Although both these kinds of employee-oriented stock issues have many similarities, there are also several differences between ESOPs and RSUs. Check out how ESOPs vs RSUs compare in the table below.




Nature of issue

Options are issued.

Stocks are issued.


A grant price is fixed when the ESOPs are issued.

No specific price is set for RSUs.

Voting rights for shareholders 

Shares purchased via ESOPs come with voting rights.

RSUs allotted to employees do not carry any voting rights.


Shares purchased via ESOPs may offer dividends to shareholders.

RSUs do not give shareholders any dividend benefits.

Option to purchase shares

ESOPs give employees an option to purchase the shares after the vesting period.

RSUs are directly allotted to the employees as shares once the restrictions are met.

Nature of limitations

ESOPs typically come with a vesting period, after which employees can purchase the shares.

The nature of limitations associated with RSUs can be time-based, milestone-based or a combination of the two.

Nature of settlement

Shares of the company

Shares or cash equivalents

Type of companies that issue these shares

High-growth startups and young companies

Older and more established companies


Understanding the differences between RSUs and ESOPs is crucial for employees to gauge if they've received fair appraisals. ESOPs involve the option to purchase company shares at a predetermined grant price, providing potential profits. On the other hand, RSUs are restricted stocks that employees receive as compensation and can be sold after a vesting period or upon achieving specific milestones. While ESOPs offer voting rights and dividend benefits, RSUs do not. These distinctions make it essential to assess how the issuing companies value their employees.

Frequently Asked Questions

1. Why are RSUs taxed so high?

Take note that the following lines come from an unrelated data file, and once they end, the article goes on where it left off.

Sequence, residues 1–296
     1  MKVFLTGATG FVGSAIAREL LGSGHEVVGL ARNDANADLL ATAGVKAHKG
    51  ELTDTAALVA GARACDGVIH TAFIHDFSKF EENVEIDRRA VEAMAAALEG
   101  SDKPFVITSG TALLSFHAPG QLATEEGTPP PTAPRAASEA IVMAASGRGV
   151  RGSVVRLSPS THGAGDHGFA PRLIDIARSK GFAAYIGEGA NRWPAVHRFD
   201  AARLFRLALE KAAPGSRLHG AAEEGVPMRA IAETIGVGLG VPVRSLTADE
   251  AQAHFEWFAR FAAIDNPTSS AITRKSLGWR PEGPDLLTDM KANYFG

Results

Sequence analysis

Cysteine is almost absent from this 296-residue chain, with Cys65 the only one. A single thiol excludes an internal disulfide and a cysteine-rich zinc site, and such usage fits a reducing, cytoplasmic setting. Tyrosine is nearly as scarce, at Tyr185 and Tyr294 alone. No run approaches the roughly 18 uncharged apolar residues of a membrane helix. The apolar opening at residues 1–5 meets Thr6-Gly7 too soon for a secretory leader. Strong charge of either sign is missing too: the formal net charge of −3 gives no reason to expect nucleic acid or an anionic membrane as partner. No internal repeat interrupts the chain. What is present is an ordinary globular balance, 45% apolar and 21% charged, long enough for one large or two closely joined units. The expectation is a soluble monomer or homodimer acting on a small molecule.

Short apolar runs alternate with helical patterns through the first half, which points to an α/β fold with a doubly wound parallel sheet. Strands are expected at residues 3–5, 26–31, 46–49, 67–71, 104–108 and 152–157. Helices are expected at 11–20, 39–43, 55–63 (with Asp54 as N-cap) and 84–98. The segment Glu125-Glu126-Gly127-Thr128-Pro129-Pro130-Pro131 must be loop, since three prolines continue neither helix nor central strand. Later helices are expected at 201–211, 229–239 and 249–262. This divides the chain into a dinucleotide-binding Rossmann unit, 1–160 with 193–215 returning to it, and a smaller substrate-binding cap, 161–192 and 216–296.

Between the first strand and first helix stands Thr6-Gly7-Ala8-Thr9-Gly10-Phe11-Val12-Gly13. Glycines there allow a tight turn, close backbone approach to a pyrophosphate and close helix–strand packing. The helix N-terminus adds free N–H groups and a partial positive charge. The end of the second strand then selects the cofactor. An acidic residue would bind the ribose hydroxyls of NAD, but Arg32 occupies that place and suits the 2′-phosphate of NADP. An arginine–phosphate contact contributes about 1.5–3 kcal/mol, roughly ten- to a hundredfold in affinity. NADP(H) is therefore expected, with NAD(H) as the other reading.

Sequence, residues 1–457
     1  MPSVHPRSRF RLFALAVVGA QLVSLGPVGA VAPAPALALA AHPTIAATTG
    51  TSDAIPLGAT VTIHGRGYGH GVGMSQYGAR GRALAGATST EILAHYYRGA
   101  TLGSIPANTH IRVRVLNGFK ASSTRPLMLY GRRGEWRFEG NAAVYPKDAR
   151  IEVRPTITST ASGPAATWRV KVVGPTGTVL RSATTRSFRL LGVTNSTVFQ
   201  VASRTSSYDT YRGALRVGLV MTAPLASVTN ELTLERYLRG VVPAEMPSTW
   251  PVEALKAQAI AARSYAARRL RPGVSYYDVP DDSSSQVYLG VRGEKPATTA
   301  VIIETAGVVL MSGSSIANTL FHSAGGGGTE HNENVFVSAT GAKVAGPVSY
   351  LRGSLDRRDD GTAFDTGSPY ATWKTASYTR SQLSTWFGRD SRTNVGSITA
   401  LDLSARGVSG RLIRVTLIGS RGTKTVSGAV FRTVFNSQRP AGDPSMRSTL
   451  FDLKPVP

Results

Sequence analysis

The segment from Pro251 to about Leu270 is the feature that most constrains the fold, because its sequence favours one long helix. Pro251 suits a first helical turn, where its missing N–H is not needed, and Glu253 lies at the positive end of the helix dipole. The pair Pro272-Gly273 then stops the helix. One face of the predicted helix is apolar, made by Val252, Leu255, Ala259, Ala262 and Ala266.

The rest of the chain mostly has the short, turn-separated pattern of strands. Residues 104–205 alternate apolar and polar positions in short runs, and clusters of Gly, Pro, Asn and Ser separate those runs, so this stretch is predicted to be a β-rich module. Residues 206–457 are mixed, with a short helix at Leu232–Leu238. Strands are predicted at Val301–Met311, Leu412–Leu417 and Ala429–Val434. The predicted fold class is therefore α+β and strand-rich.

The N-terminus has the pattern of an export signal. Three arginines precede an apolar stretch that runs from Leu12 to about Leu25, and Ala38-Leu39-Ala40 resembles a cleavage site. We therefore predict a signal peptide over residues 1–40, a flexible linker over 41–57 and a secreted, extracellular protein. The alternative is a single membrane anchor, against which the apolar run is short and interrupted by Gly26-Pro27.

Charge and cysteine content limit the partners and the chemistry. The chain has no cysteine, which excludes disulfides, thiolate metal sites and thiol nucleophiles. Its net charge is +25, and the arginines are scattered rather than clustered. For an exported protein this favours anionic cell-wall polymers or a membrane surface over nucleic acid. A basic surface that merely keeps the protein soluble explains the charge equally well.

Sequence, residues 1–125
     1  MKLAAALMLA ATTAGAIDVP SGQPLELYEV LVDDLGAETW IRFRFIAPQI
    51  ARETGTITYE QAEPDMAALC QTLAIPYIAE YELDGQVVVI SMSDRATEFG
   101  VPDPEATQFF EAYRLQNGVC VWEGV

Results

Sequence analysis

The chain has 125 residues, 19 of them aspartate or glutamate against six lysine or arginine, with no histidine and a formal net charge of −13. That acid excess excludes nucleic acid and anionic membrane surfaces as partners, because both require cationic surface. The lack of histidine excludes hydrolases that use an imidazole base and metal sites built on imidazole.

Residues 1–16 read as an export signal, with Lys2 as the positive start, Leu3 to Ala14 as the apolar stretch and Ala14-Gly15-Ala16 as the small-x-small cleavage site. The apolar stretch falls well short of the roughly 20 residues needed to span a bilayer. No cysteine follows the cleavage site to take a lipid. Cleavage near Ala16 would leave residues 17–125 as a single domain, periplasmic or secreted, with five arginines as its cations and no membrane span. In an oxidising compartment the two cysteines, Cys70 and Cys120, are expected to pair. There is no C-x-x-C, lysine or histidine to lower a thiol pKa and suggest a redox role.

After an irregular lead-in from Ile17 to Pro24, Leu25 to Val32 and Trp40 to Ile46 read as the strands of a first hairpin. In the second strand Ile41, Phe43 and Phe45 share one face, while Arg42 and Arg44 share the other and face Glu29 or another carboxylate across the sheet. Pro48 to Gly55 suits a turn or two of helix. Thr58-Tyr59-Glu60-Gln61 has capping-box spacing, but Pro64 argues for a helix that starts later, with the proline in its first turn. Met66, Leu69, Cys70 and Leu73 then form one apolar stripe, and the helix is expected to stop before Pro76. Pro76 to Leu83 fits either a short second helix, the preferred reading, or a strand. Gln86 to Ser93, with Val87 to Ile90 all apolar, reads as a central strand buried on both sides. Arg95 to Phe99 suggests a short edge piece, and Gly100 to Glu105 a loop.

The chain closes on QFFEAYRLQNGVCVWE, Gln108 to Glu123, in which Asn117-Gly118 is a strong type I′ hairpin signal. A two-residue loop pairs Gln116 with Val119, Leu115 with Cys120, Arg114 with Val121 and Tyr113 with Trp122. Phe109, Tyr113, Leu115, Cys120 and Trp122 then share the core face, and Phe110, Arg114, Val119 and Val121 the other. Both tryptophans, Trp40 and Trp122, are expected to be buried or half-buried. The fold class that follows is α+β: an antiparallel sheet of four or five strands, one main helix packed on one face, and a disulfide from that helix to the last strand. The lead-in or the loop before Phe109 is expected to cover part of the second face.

The rate of tax on RSUs is not very high. In case of shares of listed companies, the tax rate is just 15% if the holding period is less than a year. But if the holding period is more than a year, your gains are tax-free. 

If the RSUs are from an unlisted company, they are taxed at your slab rate (for holding periods of less than a year) or at 20% with indexation benefits (for holding periods of more than a year).

2. Are RSUs worth it?

Restricted Stock Units (RSUs) help boost employee morale and act as an incentive for employees to perform better. And they help employees partake in the results of their hard work by giving them shares of the company, so they can benefit from the stock appreciation and the growth of the company. So, for established companies that have a strong market presence, they are definitely worth it.

3. What are the biggest factors that influence an ESOP/stock price?

The company's financial performance and market conditions are the two biggest factors influencing ESOP/stock prices. Both determine the value of the company and the demand for shares of the company

4. Why is opting for ESOPs a good idea?

Opting for ESOPs can be a good idea for employees if they are confident of the company's growth. In case the company gets listed or acquired, ESOPs can provide a significant financial boost to the employee.


Investment and securities are subject to market risks. Please read all the related documents carefully before investing. The contents of this article are for informational purposes only, and not to be taken as a recommendation to buy or sell securities, mutual funds, or any other financial products.
Share this article
Copied Link!
Personal Finance
ESOPs vs RSUs: Which One is Right for You?


View similar articles in
Personal Finance
Get the Fi app